The Road to Web Accessibility
If you’re reading this, you’re most likely just starting your journey into web accessibility and looking for a clear path forward. If so, good news — you’ve come to the right place. In this article, we’re going to break the journey ahead of you into five “easy" steps and use simple, non-technobabble language along the way. Our goal is to help educate you on your journey and allow you to build a strong foundation for your new inclusive digital experience.
So let’s begin with proper expectations.
Like any worthwhile journey, this road is not without its ups and downs and twists and turns. Every organization is different, has different players, different regulations, different websites, different content, functionality...the list goes on. Each of these ingredients is unique to your organization and season your proverbial accessibility soup. This means it is important to “keep it real” and acknowledge that your journey may not be a straight one from point A to B. It may not be a short trip. It may have pit stops and tire changes and detours along the way.
This is OK, and expected.
Take a moment and reflect on the path you have chosen. This is an amazing undertaking that you're considering. Every step forward is positive progress and every wrong turn will help you define the right path for your organization. Web accessibility is not as complicated or as scary as some might think - we promise. It is, however, truly a journey and not a destination. As you learn more, you will see how far you have come, how much you have to learn, and yes, how far you have yet to travel.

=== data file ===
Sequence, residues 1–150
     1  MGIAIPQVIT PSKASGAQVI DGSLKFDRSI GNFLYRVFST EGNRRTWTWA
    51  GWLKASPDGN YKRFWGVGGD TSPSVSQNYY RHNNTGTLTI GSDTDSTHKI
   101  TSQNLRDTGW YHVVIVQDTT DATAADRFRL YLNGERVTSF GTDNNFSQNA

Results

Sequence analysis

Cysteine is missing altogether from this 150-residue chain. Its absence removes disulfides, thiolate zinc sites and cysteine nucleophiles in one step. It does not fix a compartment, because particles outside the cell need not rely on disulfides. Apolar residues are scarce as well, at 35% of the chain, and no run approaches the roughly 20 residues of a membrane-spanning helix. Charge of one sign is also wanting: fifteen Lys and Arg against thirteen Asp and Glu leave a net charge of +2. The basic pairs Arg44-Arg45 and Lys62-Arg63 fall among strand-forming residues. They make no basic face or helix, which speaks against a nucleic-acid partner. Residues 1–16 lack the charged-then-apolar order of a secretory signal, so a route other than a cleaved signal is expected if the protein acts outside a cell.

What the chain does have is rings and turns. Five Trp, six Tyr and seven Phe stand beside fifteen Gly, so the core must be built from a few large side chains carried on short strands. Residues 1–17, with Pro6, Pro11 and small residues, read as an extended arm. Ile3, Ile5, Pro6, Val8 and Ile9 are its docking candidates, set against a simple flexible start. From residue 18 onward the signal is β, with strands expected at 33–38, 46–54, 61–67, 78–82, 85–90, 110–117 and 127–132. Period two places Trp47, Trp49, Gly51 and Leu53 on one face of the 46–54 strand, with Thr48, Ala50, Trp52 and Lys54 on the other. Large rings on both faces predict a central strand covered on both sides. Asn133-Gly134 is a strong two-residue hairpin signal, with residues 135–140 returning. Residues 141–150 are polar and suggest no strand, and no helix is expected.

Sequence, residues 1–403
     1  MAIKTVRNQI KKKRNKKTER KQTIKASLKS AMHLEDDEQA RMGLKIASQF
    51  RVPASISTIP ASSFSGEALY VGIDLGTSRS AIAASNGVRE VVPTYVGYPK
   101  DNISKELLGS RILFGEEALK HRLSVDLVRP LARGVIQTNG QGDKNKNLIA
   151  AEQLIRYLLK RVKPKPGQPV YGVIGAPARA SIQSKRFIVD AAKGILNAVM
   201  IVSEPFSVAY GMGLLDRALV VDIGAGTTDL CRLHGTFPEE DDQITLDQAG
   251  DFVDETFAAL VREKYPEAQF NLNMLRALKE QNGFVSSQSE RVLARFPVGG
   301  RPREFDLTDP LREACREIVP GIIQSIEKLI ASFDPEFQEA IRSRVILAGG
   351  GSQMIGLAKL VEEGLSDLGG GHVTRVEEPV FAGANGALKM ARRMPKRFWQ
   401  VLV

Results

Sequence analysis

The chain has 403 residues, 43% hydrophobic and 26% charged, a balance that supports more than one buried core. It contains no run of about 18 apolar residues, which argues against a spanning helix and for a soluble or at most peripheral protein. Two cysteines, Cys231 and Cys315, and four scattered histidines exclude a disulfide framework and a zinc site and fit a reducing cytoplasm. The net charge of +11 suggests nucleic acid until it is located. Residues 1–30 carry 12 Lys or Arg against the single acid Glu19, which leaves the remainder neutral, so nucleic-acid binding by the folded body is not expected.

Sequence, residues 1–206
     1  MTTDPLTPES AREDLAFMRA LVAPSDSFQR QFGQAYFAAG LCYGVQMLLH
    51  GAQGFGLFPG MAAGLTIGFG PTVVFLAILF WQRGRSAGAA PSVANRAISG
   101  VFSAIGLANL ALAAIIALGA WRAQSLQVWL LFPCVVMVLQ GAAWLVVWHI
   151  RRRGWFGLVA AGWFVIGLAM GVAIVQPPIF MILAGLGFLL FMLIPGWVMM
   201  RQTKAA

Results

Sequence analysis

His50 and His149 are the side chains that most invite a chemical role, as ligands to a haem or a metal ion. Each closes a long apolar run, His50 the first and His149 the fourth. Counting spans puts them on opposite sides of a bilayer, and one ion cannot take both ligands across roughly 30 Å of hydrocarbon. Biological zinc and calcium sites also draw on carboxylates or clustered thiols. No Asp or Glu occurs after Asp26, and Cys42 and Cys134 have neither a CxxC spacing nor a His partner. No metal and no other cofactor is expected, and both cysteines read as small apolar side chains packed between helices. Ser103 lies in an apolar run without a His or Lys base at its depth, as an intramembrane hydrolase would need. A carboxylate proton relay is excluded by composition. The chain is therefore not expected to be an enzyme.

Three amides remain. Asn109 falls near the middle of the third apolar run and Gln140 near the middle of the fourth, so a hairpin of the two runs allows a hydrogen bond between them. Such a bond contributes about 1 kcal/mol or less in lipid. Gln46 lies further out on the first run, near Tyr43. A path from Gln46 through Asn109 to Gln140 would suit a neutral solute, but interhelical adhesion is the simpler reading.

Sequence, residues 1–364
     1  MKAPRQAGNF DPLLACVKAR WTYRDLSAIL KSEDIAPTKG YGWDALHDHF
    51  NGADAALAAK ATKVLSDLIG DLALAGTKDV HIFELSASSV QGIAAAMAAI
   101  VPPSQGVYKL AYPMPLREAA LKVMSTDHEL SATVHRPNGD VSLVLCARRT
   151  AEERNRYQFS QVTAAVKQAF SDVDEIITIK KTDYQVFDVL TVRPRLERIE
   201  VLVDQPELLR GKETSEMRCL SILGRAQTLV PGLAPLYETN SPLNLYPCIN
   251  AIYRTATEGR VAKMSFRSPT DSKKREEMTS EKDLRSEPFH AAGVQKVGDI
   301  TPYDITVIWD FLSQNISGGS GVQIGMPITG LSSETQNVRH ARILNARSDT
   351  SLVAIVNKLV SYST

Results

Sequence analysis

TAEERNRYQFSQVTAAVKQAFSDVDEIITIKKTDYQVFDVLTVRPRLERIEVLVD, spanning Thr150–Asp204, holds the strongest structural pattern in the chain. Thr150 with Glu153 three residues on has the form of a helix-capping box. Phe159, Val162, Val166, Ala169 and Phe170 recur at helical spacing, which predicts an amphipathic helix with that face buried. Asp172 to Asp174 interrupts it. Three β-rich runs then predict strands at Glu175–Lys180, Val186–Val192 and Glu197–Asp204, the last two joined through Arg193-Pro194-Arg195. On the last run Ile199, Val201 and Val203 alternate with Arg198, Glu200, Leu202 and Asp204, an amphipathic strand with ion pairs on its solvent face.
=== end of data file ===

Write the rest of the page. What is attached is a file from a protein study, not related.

So, buckle up, and let’s begin.
Step 1: Get The "Green Lightbulb"
The first step on the road to building a more inclusive digital experience consists of overcoming the two biggest accessibility blockers in most organizations: ignorance and stakeholder buy-in.
Ignorance may sound like a fairly harsh word, but it is fairly accurate. Most organizations are simply unaware that web accessibility even exists. Many of us have heard of ADA and have a basic understanding of how accessibility guidelines impact the physical world (e.g. wheelchair ramps, handle rails, elevators, brail menus/wayfinding, etc). In most cases, however, organizations are unaware of how this translates to the digital world we now all live in.
After introducing the topic of inclusivity, there are typically two reactions.
Resistance: In this situation, someone inside the company will respond by saying "Really? Blind people can’t use the web... show me how many blind people come to my website." or "I don’t think we need that. It doesn’t really apply to our business." It’s new to them, and they may already be a bit overwhelmed with a standard redesign project, so we get it — accessibility is just one more thing they haven’t planned for. With little room left for surprises in an already scary project, it can be hard to fully understand the value and see the bigger picture.
Amazement: The second reaction is wide-eyed amazement. The organization's leadership is immediately intrigued, gets it, and can see how accessibility adds a different dimension to the project. These companies see accessibility as a must-have that will help both protect and differentiate their business.
Deconstructing Web Accessibility Ignorance
Regardless of the initial reactions, organizational ignorance ultimately boils down to answering four main questions:
- What is web accessibility?
- How many people does it truly impact? (Spoiler alert: many more than you might imagine)
- What value can it bring to our organization?
- What is the path forward to close the gap? This can include clarity on organizational changes, budgeting, and timelines.